Also, an old boy of the school, Kabiru Yusuf, said the school gave the people of Lokoja early contact with western education and as such it should not be neglected.
“The state of the school is very appalling. The structures ought to have been preserved if not for the purpose of teaching at least for the importance of the school but unfortunately the building is almost gone. Originally, we had four colonial buildings in the school, but now only one is existing while the rest have been destroyed,” he lamented.
Yusuf however advised the government and the tourism board to rehabilitate the school and preserve it so that it can serve as a historical relic and tourist attraction.
“The structures are not good for modern day education because my great grandfather attended the school, my grandfather went there, and my father and I also went there. So you can imagine what the condition of the structures will be by now since it is not being properly maintained,” he said.
Daily Trust gathered that the lingering land tussle between the government and the management of the Anglican Church and lack of maintenance culture have contributed to the deterioration of the school.
Trouble between government and the church leaders over the school started some years back when the latter attempted to turn the school into a centre for missionary activities.
When this reporter approached the headmistress of the school for comment on the condition of the school, she declined comments and refused to disclose her name to him. She instead referred him to the local government and the State Universal Basic Education Board (SUBEB).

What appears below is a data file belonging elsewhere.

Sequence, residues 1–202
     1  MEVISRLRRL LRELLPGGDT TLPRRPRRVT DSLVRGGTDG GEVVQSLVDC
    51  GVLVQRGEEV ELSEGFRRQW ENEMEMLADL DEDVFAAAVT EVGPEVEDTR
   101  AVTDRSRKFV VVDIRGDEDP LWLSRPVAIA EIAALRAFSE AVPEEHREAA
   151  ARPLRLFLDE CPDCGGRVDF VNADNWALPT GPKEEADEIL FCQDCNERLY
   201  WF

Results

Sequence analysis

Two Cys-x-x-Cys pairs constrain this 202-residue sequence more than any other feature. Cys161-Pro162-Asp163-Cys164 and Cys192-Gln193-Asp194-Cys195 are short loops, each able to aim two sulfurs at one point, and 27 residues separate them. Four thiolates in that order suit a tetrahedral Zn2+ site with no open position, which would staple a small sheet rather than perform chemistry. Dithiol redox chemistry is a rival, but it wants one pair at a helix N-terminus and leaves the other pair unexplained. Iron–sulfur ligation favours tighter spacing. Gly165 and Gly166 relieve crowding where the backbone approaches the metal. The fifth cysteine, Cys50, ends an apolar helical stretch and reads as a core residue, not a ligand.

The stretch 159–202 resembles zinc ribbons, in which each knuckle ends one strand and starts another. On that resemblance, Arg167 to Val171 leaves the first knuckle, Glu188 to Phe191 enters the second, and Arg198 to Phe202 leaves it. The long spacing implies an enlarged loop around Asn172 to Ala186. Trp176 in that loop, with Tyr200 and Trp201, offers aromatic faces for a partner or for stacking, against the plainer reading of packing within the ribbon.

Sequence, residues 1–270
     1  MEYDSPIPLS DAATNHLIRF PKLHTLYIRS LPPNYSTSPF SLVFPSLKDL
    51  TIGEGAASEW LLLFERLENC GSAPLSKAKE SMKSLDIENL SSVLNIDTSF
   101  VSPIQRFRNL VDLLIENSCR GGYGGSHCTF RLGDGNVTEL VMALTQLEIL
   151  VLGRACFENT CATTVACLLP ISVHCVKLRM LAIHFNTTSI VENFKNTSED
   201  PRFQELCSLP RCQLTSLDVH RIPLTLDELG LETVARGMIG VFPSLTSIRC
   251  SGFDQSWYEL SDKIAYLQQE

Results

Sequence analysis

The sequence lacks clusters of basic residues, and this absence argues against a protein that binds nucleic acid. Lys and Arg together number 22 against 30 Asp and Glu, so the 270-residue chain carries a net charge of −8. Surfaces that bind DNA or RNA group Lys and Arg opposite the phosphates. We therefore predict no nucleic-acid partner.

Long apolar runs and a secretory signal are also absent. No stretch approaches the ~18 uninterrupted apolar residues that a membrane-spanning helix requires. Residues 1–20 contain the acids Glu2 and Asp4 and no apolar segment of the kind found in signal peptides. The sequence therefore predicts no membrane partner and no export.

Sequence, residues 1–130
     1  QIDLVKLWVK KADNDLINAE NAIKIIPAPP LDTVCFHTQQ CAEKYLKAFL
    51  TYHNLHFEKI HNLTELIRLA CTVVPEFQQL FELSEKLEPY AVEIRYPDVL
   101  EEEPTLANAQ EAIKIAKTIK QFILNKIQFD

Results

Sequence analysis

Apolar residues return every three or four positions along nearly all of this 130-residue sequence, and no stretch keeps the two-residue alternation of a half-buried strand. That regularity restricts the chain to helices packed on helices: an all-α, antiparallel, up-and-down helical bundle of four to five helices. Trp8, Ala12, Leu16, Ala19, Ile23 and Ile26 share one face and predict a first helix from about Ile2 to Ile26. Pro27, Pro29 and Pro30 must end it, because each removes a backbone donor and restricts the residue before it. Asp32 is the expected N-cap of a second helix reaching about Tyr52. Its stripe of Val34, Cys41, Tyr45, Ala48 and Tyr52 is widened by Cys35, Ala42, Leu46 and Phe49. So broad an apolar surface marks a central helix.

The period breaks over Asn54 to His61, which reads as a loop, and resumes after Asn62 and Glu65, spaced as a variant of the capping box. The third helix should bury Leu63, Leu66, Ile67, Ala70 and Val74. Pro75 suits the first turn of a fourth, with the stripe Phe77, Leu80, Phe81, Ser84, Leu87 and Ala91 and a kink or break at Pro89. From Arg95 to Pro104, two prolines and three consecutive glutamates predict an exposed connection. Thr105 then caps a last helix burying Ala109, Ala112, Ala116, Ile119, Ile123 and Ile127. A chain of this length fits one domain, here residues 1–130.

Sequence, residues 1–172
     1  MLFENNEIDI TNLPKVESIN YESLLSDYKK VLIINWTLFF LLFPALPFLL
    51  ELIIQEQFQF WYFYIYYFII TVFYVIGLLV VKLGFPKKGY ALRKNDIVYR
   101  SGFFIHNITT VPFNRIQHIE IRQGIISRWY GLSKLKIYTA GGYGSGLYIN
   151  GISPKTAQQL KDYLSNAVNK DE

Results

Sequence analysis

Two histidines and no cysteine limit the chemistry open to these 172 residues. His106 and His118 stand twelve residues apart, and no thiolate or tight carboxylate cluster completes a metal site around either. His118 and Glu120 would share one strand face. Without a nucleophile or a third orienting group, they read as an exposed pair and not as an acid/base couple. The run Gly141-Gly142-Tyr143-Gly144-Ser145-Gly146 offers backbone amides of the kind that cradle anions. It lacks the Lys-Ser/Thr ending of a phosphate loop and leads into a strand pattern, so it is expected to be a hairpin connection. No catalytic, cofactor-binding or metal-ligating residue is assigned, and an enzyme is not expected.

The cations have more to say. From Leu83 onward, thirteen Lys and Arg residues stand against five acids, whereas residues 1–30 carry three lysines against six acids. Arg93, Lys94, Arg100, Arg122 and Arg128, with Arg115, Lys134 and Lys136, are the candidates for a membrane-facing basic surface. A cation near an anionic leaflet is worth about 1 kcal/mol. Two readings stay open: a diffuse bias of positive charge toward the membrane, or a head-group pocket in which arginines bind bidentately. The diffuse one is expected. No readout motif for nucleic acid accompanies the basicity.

However, the H.O.D, Administration, at the Lokoja Local Government Council, Malam Abdullahi Mudi, said when the school was formerly taken over by the government almost everything started to crumble due to the land crisis between the church and the government.
He said following the dispute, the church leaders demolished part of the colonial structures under the guise of building a missionary school. He however said the local government and SUBEB have been trying to preserve the relics of the aged school.
According to him, because of the scarcity of fund, the local government has not been able to rehabilitate the entire school in the past but that it is currently working with SUBEB to preserve it.
“The board has carried out some renovation works in the school but the renovated structures were damaged again by windstorm some years ago. Now the board is looking at the possibility of renovating it again so as to continue maintaining its name as the oldest school in northern Nigeria,” he said.
He said the demands of the school have been forwarded to the local government which has promised to rehabilitate some of the structures and convert them into tourist attraction site.
Effort to get the comment of the chairman of SUBEB, Alhaji Usman Jibrin, was unsuccessful as he was said to be busy after several visits to his office.